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Smartphones, Foolish Security Choices

One quarter of smartphone users store "intimate" images on their mobile devices, says security vendor AVG.

Thomas Claburn

February 27, 2013

1 Min Read

People with smartphones could be smarter in their security practices. One smartphone user in every four, according to security firm AVG Technologies, stores intimate photos on a smartphone or tablet, a practice that makes a lost or stolen device a potential privacy problem.

AVG didn't specifically define "intimate" in its survey. "The mobile survey asks whether or not people have intimate photos of themselves on their smartphone or tablet, allowing the definition of 'intimate' to be purely up to the respondents' interpretation of that word," a company spokeswoman said in an email.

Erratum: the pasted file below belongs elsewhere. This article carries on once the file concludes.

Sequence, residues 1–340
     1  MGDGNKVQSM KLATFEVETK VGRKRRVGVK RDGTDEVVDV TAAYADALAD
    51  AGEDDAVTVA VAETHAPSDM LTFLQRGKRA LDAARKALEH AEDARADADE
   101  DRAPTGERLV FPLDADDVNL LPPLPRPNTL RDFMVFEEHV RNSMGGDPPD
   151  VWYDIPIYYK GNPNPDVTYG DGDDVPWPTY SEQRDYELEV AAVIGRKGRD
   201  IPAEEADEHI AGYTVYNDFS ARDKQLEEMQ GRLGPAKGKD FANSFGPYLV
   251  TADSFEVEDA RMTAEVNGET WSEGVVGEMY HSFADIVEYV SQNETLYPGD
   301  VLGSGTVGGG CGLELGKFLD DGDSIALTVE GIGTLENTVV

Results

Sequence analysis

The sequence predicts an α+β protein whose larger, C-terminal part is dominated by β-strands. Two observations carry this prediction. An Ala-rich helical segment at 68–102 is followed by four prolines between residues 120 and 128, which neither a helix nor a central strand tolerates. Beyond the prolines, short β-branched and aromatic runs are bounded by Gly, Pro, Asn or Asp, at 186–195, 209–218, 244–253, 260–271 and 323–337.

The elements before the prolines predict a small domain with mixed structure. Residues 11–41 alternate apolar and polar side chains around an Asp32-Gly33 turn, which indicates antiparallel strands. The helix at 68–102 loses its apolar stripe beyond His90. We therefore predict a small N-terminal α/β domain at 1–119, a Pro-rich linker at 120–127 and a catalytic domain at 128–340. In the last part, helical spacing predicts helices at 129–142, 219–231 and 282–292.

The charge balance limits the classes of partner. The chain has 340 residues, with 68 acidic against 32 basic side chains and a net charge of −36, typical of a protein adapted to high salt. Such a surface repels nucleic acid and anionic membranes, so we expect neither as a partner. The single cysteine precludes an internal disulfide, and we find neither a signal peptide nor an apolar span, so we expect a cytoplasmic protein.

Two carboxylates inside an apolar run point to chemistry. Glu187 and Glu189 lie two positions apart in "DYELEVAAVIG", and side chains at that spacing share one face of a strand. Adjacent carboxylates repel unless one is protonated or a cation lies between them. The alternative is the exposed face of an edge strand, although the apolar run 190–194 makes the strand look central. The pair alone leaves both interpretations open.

... Read full story on InformationWeek

About the Author(s)

Thomas Claburn

Editor at Large, Enterprise Mobility

Thomas Claburn has been writing about business and technology since 1996, for publications such as New Architect, PC Computing, InformationWeek, Salon, Wired, and Ziff Davis Smart Business. Before that, he worked in film and television, having earned a not particularly useful master's degree in film production. He wrote the original treatment for 3DO's Killing Time, a short story that appeared in On Spec, and the screenplay for an independent film called The Hanged Man, which he would later direct. He's the author of a science fiction novel, Reflecting Fires, and a sadly neglected blog, Lot 49. His iPhone game, Blocfall, is available through the iTunes App Store. His wife is a talented jazz singer; he does not sing, which is for the best.

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